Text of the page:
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Biden says California voters will "get Donald Trump" if they vote Newsom out

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Biden visits California to support Gavin Newsom
Biden visits California to support Gavin News... 01:36

President Biden told California voters at a Long Beach rally in support of Governor Gavin Newsom, who is facing a recall election, that the eyes of the nation are on the Golden State as it makes a decision that will "reverberate around the world," and warned "you either keep Gavin Newsom as your governor or you'll get Donald Trump."

The president described the leading Republican candidate, conservative radio talk show host Larry Elder, as a "clone" of former President Trump and said California voters need to "send a message" to the rest of the country.

"The eyes of the nation are on you," Mr. Biden said while urging the crowd to vote "no" on the recall. "The rest of America is counting on you and so am I," he added.

Mr. Biden's rally for Newsom came on the final night before polls close and it capped a month of support for the California governor from national Democrats, including Vice President Kamala Harris, who campaigned against the recall last week in the Bay Area.

Biden
President Biden arrives to speak at a get out the vote rally for Governor Gavin Newsom at Long Beach City College on Monday, September 13, 2021. Evan Vucci / AP

Biden said Newsom will help the administration "finish the job" on beating the COVID-19 pandemic and praised him for the state's high vaccination rates. The president also said that voting to support Newsom means California is sending a message to the rest of the country that it must act on climate change.

Polls earlier this summer had indicated a close race, but recent ones have shown Newsom widening his lead and a senior adviser said Monday night "there's no scenario where we lose tomorrow." A Berkeley IGS poll released on Friday showed the "no" vote leading the "yes" vote 60.1%-38.5% among likely voters.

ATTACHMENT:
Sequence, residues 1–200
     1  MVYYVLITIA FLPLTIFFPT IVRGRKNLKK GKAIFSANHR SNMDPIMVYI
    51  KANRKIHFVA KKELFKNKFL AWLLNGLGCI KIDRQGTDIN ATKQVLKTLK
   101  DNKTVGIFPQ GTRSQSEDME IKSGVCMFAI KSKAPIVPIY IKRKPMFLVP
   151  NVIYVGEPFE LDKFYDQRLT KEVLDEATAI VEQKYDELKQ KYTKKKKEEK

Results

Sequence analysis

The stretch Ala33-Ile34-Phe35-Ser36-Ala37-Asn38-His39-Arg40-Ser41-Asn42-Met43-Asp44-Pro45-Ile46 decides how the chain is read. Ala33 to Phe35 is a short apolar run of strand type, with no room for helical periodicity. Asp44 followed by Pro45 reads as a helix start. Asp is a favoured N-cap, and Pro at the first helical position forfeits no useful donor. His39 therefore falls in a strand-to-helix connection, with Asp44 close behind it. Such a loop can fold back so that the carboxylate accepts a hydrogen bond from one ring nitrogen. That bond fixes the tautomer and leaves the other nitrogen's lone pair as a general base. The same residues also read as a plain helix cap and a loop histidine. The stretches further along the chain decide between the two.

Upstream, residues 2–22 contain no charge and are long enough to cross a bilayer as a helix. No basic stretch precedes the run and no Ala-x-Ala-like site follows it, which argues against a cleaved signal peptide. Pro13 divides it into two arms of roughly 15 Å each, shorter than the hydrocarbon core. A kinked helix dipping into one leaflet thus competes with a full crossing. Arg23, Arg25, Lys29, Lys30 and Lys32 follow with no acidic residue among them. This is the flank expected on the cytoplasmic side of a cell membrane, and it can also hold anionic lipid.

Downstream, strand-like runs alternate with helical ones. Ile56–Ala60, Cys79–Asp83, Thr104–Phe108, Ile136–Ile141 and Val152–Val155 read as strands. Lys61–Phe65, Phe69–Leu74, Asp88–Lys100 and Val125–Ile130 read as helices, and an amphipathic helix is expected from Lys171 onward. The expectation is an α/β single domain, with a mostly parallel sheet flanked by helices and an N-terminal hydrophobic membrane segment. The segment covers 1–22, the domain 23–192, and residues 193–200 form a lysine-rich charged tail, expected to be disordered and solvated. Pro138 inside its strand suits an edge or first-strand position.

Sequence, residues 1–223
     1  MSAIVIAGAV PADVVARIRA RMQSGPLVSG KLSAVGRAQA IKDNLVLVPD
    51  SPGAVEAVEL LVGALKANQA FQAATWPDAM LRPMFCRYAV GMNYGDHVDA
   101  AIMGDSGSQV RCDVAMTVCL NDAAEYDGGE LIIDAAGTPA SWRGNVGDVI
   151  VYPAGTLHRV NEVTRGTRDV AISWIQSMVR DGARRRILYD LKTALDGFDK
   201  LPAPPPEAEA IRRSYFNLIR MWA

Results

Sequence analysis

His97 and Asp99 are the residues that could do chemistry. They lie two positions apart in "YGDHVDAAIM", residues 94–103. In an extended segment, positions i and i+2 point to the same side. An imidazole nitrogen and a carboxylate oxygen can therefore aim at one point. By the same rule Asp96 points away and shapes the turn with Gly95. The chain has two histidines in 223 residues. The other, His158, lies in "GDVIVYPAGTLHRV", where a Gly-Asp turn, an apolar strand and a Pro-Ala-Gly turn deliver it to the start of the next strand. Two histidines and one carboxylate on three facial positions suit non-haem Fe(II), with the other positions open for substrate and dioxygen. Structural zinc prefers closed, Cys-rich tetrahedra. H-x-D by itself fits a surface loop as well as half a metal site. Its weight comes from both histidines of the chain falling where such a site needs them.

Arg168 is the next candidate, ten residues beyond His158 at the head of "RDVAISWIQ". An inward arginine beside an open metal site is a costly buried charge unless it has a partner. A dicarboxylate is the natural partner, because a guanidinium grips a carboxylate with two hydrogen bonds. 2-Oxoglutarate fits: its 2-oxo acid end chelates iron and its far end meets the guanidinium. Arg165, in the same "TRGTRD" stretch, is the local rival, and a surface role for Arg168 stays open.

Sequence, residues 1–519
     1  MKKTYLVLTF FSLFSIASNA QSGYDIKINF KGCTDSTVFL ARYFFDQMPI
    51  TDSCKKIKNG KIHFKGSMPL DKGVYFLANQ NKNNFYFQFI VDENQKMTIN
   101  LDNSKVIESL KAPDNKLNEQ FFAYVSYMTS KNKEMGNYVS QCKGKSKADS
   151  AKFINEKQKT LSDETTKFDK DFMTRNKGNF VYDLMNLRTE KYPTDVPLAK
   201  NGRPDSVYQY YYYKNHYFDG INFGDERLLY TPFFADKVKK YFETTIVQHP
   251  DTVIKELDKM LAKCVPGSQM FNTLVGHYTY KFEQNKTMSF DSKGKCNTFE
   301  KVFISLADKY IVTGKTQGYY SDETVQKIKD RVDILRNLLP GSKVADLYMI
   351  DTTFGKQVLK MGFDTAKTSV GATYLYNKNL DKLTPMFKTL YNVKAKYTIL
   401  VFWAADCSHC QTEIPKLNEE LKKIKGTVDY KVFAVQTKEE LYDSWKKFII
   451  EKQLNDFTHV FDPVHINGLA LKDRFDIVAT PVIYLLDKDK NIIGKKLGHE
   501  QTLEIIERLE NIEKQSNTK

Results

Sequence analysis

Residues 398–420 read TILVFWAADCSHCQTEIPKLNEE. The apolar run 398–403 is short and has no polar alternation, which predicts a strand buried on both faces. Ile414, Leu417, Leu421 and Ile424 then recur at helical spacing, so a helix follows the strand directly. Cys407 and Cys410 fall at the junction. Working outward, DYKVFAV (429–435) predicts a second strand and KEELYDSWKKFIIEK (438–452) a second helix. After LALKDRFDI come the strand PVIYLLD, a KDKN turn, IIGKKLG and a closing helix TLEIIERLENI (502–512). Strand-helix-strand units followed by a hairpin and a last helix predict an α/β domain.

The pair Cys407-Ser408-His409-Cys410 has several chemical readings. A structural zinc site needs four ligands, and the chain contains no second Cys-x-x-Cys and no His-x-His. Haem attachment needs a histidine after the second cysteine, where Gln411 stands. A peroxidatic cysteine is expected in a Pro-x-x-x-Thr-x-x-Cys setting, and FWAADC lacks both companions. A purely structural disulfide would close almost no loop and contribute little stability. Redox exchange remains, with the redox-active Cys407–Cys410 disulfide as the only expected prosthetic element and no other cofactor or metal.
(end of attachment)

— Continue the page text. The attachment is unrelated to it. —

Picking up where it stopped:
Earlier in the day, Biden and Newsom surveyed wildfire damage in the Sacramento area. More than two million acres of land have burned in the state this year, on top of the three million acres that burned during last year's devastating fires.

In a briefing with Newsom and local officials, the president said he's seen bipartisan support for his infrastructure proposal. He said he couldn't include all of his climate proposals into that plan, so those are included in the reconciliation package. 

"Whether that passes or not, exactly how much I don't know, but we're gonna get it passed," he said. 

Mr. Biden also toured a federal fire support agency in Idaho. 

Mr. Biden's appearance on the night of the last full day of campaigning comes a few days later than some initially anticipated, but the withdrawal of U.S military forces from Afghanistan and the federal response to Hurricane Ida occupied much of Mr. Biden's time in recent weeks.

In the words of one senior aide, the president was eager to campaign for Newsom, because "we're going to have the back of people who've had our back."

Administration officials stress that the recall election should be treated as a political anomaly and not spark broader talk about what the results could mean for next year's midterm elections, when Democrats are currently forecasted to lose control of the House and struggle to win in other key gubernatorial or Senate contests. 

The last recall was held 18 years ago when an unpopular Democratic governor, Gray Davis, lost to Arnold Schwarzenegger, indisputably the biggest GOP name in a much larger field of candidates.

"It's not an apples-to-apples comparison," this senior aide said.

But a Newsom victory is likely to signal to Democrats elsewhere that running against GOP-proposed pandemic policy could help turn out base voters and win over independents next year. For weeks, Newsom has argued on the stump and in advertising that handing responsibility for California's response to the pandemic, wildfires and other key issues over to Republican candidates like radio talk show host Larry Elder could prove too risky. Recent polls show the strategy may be working, as opposition to the recall — and Newsom's removal —  is outpacing support for ousting him.

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